Employment & Labour

Executives should seek advice on compensation before signing

By AdvocateDaily.com Staff

Executives should reject Canada’s handshake-deal culture when it comes to compensation review and contract negotiation, says Toronto employment lawyer Ellen Low.

Low, principal of Ellen Low Employment Law, says the idea of obtaining employment counsel is a relatively new concept in this country.

“In my personal experience, it’s not that long ago that a handshake was enough to seal a deal, and committing things to writing was rare,” she tells AdvocateDaily.com. “But I am concerned these days, when people are signing off on contracts, assuming the employer is looking out for their interests.

“It’s only when they’re terminated that they discover the employer was only concerned about their own best interests,” Low adds.

She says the unique nature of an executive’s role only increases the necessity for a contract’s review by a set of legally trained eyes.

“There’s a specialized set of contractual provisions that can come up when you’re dealing with higher-level executives,” Low says.

For instance, she says many employers will provide extra insurance, premium health benefits and other perks for company executives.

“You want to make sure the employment agreement matches up with your expectations — and we have a whole list of things to check that are included — and to ask why, if not,” Low says.

Still, she says things appear to be changing, and executives are becoming increasingly savvy in terms of knowing and asserting their employment rights, adding that most of her retainers in the area fall under three broad scenarios:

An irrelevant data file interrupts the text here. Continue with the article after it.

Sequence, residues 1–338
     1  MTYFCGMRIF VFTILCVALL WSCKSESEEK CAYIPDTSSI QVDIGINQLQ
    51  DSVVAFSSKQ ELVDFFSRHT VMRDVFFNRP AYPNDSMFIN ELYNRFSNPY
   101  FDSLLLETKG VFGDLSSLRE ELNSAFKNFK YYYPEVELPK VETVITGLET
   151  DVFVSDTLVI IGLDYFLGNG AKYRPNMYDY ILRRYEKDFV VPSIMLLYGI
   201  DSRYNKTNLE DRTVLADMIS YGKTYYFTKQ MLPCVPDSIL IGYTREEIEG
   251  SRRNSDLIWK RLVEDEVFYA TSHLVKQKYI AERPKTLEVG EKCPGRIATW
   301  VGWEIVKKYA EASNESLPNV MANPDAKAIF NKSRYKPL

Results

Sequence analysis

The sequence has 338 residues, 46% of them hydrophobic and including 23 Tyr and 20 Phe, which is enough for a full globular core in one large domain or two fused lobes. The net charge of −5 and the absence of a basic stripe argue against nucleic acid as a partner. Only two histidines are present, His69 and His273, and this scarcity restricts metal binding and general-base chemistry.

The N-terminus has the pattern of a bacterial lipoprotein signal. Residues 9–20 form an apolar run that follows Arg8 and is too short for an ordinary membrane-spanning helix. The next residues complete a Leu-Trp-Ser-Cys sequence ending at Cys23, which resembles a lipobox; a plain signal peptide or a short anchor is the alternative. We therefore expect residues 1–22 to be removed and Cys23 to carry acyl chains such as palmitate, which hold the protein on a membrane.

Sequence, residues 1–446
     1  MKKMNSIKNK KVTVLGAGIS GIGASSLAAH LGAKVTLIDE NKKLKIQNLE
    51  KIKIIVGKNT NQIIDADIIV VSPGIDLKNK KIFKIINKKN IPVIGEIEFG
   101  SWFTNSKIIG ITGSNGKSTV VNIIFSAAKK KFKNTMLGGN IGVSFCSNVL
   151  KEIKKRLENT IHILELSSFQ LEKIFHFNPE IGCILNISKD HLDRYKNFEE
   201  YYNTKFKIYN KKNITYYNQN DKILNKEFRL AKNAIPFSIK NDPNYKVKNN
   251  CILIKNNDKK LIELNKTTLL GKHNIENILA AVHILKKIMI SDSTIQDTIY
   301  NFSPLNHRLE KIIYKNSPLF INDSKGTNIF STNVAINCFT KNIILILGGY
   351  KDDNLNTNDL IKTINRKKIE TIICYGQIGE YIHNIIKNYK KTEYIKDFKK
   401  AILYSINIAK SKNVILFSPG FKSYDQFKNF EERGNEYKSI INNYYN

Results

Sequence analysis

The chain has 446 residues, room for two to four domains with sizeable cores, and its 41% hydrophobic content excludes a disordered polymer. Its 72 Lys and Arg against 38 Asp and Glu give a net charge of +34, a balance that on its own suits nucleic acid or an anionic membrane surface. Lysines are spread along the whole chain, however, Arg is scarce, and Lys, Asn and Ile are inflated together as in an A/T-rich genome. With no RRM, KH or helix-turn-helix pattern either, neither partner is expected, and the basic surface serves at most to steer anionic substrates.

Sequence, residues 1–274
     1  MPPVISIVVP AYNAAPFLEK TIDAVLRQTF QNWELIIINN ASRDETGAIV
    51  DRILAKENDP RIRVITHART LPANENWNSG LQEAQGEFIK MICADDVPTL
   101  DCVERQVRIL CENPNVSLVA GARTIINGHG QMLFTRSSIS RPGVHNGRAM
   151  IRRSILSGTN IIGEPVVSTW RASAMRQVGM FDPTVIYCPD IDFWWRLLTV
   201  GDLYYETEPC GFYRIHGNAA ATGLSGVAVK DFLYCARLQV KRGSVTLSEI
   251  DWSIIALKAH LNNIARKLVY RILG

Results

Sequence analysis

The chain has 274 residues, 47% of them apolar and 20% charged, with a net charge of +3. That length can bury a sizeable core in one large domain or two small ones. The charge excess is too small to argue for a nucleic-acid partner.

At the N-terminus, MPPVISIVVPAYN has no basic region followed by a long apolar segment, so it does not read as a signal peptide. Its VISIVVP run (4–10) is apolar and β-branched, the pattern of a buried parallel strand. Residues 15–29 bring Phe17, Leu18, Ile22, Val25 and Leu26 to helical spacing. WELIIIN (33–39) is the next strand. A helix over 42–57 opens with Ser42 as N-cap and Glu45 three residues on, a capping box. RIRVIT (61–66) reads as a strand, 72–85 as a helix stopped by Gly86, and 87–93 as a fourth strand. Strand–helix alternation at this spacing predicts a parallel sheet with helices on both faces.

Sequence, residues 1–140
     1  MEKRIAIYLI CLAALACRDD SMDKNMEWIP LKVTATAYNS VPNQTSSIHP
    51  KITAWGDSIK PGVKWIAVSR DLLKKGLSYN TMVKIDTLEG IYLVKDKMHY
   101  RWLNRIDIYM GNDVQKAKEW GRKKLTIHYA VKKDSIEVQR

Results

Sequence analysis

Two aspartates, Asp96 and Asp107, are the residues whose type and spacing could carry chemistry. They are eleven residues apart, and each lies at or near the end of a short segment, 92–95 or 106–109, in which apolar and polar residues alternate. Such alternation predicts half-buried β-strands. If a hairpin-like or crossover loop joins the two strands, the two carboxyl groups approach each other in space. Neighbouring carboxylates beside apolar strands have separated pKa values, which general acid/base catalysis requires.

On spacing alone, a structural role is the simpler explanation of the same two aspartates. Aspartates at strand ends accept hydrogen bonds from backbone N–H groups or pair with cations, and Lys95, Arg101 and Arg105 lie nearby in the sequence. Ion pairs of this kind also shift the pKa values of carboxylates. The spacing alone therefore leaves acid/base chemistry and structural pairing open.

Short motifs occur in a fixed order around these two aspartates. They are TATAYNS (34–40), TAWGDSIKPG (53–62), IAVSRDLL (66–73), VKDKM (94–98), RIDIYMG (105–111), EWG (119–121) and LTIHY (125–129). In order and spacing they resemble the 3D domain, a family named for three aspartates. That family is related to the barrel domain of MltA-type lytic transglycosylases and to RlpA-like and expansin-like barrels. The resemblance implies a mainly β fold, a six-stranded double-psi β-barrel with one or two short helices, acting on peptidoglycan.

• Initial offer: “There are a whole bunch of things to take into consideration when looking at a brand new offer of executive employment,” which may vary depending on the individual’s existing employment status, Low says.
    Even at this early stage, she says clients should also be considering the end of the employment relationship, since many employers will want to include a termination clause, limiting executives to minimum entitlements available under Ontario’s Employment Standards Act. “It’s not always suitable for someone at that level.”

  • Mid-employment: “If you’re promoted, or the terms of employment have changed, those new arrangements should be committed to in writing,” Low says, explaining that employers typically favour “entire agreement” provisions, essentially limiting entitlements to what is explicitly included in the contract. “This is where things like premium health coverage and company cars need to be mentioned,” she says.

    Termination clauses are often a focus of her review at this stage, as many employers may be tempted to include one if none was present before. “You also want to make sure past service is being recognized, and that creative compensation structures providing long-term or short-term performance-related incentives are properly considered,” Low adds.

  • Termination: When the employment relationship falls apart, executives who have engaged counsel at the earlier stages should be able to reap the benefits of their due diligence, Low says. “When someone is looking to exit a company or is being terminated, our starting point is always to go back and look at what the employment agreement says,” she explains. But it isn’t the be-all and end-all, Low says, noting that there may be grounds to challenge unreasonable termination clauses.

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